U.S. airlines and airports fell into opposing camps over the Obama administration’s Fiscal Year 2015 budget request for the Federal Aviation Administration, which would raise the cap on the passenger facility charge (PFC) airports are entitled to collect for every boarded passenger from $4.50 to $8.
United States federal budget
The Pentagon proposes retiring the U-2 Dragon Lady and A-10 Warthog in the Fiscal Year 2015 defense budget it will present to the Congress next week, Defense Secretary Chuck Hagel said. Hagel and Army Gen. Martin Dempsey, chairman of the Joint Chiefs of Staff, previewed the budget for reporters on February 24.
While many people breathed a sigh of relief when Congress pulled the nation back from the so-called “fiscal cliff” at the beginning of the new year, most of those who were following the contretemps didn’t realize it was mainly political theater.
“While we are pleased Congress made some headway on tax elements to avert the fiscal cliff, we are concerned that they could not agree to a long-term solution to fix a problem no serious person wants: sequestration,” said Aerospace Industries Association (AIA) president and CEO Marion Blakey.
The U.S. Federal Aviation Administration would have to slash its operations budget and could not support current levels of passenger and air cargo activity if the process of automatic federal spending cuts known as “sequestration” takes effect in January as scheduled. In turn, reduced passenger and cargo activity would lead to job losses and other economic fallout, according to a study released by the Aerospace Industries Association (AIA).
If automatic federal budget cuts known as “sequestration” take effect in January, the Obama Administration and the FAA could ramp up efforts to impose aviation user fees to plug the gap, NBAA fears. Under sequestration, the FAA budget could be cut by $1 billion annually, according to an Aerospace Industries Association (AIA) study released on Monday.
The U.S. aviation system would suffer a “devastating” hit if the process of automatic federal budget cuts known as “sequestration” takes effect in January, according to industry leaders. An Aerospace Industries Association (AIA) study released yesterday estimates that 132,000 aviation jobs would be lost in the first year as a result of sequestration, which requires $500 billion in federal non-defense spending cuts over the next decade.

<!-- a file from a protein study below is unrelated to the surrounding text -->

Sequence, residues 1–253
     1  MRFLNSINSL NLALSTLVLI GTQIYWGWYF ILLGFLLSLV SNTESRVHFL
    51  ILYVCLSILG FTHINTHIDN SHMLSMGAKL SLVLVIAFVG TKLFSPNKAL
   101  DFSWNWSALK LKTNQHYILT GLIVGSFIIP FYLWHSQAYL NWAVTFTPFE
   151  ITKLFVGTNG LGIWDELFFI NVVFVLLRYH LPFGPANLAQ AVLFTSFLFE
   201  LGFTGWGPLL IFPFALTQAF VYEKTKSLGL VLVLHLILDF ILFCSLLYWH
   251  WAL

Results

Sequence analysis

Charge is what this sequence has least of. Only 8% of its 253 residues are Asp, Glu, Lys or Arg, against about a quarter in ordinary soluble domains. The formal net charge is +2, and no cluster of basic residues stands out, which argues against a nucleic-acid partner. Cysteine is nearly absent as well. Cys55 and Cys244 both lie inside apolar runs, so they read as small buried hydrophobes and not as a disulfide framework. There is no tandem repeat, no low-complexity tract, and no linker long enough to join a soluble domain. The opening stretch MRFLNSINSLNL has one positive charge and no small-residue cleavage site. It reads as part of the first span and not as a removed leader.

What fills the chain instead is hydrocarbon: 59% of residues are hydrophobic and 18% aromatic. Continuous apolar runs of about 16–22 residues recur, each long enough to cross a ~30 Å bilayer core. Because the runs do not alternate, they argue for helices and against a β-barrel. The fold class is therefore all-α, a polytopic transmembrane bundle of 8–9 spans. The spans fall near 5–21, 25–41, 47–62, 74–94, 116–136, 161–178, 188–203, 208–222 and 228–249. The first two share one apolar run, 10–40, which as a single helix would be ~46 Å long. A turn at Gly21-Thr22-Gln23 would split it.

In mid-December the U.S. Congress authorized $662 billion in defense spending for fiscal 2012, trimming $27 billion from President Obama’s request in probably the last budget before deeper, more painful, cuts are required by the Budget Control Act passed in August.
An economic impact analysis commissioned by the Aerospace Industries Association (AIA) predicts that more than one million jobs will be lost in the aerospace and defense industry, if the U.S. Congress fails to reach an agreement that would prevent automatic government spending cuts.
Defense spending cuts of some $350 billion over the next decade contained in the new debt-limit legislation passed by the U.S. Congress correspond with the numbers expected from an earlier goal advanced by President Obama. But the Pentagon leadership described the potential of $600 billion more in automatic spending cuts as disastrous.
President Obama outlined ambitious new goals for U.S. deficit reduction, including a call for growth in security spending to be held below inflation over the next 12 years. This amounts to a $400 billion cut over current plans. Fiscal hardliners have called for even greater cuts in defense spending–up to $1 trillion. While the Congress would probably not implement such drastic surgery, the outlook for defense spending in the U.S.
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